The main limitation of the current study is that sample size is small. In order to minimize the influence of small sample size, we chose the SNPs which were reported in the previous studies, and performed an independent sample verification in our sample. In addition, neuroimaging techniques like rs-fMRI require drastically fewer subjects (tens versus hundreds) compared to other methods for the identification of candidate gene effects on the brain (Hariri and Weinberger, 2003). Another limitation is the effect of medication on brain function. We reduced the impact of medication by arranging the scan 1 or 2 days after hospitalization (see details about medications in Table 3). Although medications have no influence over genetic variants, there is a slight possibility that they could affect our results.

Conclusion

The TPH-2 gene variant, rs4290270, was observed in early wakening MDD patients. The T allele of rs4290270 demonstrated a higher functional connectivity in the right fusiform gyrus and right middle frontal gyrus from the right SCN and a lower functional connectivity in the right lingual gyrus and left calcarine sulcus from the left SCN. Our findings revealed that the brain regions involved with early wakening overlapped with those associated to visual processing. Since sleep-related circadian disturbances is closely associated to visual processing, there is a possibility that TPH-2 also modulates the visual neural pathway in the SCN of MDD patients, thereby inducing early wakening symptom. Therefore, rs4290270, could serve as a susceptibility variant of sleep-related circadian rhythm disorder in depression. Future investigations could potentially replicate, and hence, validate the involvement of rs4290270 with circadian disruption, in particular early wakening, in MDD.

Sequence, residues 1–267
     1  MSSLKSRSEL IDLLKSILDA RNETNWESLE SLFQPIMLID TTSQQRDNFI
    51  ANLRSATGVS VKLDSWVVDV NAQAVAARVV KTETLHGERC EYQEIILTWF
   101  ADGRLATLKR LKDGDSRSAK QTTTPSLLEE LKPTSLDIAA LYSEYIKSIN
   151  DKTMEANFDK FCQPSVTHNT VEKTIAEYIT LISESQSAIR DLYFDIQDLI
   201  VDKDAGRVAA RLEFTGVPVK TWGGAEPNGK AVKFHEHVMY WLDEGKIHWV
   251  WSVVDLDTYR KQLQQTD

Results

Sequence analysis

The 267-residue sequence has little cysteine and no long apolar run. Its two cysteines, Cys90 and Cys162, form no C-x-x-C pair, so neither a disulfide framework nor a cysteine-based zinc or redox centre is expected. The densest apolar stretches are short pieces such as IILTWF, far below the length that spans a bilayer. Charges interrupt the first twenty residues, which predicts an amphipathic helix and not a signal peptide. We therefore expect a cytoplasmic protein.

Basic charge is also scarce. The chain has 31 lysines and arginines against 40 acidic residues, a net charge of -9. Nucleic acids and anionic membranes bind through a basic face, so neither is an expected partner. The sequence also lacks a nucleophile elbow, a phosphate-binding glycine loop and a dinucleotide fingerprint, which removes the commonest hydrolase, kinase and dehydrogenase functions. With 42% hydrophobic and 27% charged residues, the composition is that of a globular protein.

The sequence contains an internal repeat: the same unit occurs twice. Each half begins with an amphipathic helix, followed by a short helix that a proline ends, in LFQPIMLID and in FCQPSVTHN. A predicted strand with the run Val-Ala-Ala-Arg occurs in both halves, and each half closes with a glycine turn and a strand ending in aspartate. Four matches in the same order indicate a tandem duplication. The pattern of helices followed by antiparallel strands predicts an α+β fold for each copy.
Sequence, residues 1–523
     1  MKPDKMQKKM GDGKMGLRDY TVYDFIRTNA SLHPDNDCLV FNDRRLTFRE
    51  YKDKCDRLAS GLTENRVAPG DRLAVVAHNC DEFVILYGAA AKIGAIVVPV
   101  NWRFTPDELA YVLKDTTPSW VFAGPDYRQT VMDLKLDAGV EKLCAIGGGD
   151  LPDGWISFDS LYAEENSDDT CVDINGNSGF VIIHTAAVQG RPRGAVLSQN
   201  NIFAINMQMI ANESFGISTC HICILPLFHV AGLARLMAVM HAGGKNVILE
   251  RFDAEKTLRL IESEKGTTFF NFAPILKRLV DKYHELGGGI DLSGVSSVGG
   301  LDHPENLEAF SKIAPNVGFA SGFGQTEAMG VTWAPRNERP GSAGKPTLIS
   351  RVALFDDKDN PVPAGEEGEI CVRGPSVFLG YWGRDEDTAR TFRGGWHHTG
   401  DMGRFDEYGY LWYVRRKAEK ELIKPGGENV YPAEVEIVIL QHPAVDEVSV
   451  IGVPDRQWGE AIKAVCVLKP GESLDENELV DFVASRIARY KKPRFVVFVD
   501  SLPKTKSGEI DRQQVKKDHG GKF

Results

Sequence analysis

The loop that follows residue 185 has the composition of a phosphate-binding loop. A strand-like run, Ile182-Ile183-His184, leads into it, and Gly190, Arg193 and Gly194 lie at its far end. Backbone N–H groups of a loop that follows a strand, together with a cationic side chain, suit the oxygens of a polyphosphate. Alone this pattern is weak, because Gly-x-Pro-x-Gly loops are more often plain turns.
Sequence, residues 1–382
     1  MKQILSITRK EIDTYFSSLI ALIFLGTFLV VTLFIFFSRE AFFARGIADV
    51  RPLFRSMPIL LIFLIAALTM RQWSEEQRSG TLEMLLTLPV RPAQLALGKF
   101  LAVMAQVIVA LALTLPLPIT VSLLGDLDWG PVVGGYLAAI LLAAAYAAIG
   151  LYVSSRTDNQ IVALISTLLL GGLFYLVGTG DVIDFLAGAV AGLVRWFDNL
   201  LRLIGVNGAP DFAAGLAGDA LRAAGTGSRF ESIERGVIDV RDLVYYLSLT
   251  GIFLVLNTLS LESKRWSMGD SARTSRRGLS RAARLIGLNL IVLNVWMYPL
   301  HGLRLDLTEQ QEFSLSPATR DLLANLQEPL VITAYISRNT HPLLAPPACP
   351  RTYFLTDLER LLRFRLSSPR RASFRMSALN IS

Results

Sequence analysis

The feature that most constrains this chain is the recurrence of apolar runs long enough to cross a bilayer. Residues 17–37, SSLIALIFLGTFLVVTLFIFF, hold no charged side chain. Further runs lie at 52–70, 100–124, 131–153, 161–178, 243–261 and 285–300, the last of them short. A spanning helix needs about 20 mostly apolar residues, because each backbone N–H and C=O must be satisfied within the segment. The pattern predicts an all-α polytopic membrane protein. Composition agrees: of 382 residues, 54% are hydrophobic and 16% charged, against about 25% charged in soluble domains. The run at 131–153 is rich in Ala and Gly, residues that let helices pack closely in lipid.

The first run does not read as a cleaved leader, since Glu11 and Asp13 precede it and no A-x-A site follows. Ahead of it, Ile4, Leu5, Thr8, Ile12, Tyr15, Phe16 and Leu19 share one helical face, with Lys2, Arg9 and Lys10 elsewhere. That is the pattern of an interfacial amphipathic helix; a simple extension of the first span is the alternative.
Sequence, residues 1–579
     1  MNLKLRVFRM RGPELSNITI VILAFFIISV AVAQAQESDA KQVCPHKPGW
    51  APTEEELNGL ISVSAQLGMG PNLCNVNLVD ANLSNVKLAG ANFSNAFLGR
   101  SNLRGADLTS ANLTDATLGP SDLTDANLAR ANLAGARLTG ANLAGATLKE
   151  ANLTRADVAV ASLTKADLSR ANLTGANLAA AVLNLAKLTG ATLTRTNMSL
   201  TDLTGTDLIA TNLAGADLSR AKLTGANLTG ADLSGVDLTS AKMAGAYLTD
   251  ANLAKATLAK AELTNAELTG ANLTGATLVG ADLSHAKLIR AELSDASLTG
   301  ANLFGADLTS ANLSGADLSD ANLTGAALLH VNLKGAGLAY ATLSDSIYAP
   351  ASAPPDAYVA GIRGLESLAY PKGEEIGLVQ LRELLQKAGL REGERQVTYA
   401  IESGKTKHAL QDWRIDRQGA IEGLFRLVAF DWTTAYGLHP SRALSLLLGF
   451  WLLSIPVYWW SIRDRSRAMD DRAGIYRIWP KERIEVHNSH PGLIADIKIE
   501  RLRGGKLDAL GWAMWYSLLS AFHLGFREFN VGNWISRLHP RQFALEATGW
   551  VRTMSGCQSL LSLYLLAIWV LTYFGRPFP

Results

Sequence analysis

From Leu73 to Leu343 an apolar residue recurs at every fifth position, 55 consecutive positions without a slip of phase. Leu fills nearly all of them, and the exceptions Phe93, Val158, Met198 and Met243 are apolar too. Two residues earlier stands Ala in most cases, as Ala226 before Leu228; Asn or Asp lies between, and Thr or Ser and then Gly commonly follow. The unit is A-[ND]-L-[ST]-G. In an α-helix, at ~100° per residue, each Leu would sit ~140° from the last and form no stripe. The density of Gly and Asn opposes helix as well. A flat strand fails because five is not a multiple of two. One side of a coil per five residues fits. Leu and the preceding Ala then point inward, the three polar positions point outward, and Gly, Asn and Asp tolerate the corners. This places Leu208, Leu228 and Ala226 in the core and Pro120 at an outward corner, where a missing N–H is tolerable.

Author Contributions

ST designed and performed the experiments. JG and RZ contributed to the clinical data collection and assessment. ST, RY, and JS analyzed the results. ST and MC interpreted the results and wrote the manuscript. ZY and QL overviewed the whole experiments and approved the final manuscript.